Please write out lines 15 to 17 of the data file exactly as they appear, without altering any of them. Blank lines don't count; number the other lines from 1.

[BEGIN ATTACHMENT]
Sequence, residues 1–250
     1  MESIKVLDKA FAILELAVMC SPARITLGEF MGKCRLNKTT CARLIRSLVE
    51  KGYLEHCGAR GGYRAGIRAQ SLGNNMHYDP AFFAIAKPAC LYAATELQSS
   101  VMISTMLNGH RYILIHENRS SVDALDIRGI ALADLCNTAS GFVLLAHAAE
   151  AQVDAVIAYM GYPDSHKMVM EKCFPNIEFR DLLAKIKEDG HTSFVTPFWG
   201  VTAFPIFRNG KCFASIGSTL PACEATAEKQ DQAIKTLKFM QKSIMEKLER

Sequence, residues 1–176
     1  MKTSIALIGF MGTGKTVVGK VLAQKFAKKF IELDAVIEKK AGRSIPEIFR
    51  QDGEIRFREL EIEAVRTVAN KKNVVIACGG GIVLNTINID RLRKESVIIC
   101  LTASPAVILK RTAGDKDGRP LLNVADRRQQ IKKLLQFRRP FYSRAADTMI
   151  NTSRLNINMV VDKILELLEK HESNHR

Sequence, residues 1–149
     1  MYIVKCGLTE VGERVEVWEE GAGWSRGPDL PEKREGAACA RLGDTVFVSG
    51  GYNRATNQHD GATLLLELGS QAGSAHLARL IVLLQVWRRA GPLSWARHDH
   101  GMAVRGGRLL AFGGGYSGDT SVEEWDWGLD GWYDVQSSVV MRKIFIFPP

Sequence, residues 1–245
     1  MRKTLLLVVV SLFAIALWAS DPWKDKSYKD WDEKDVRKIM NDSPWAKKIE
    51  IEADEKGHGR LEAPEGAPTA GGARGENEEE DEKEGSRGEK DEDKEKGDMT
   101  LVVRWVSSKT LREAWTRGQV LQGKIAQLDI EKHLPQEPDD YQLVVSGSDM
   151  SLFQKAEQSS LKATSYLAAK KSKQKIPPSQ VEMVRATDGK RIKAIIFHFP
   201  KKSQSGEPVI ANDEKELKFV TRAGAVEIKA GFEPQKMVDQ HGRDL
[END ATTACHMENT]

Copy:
   101  GMAVRGGRLL AFGGGYSGDT SVEEWDWGLD GWYDVQSSVV MRKIFIFPP

Sequence, residues 1–245
     1  MRKTLLLVVV SLFAIALWAS DPWKDKSYKD WDEKDVRKIM NDSPWAKKIE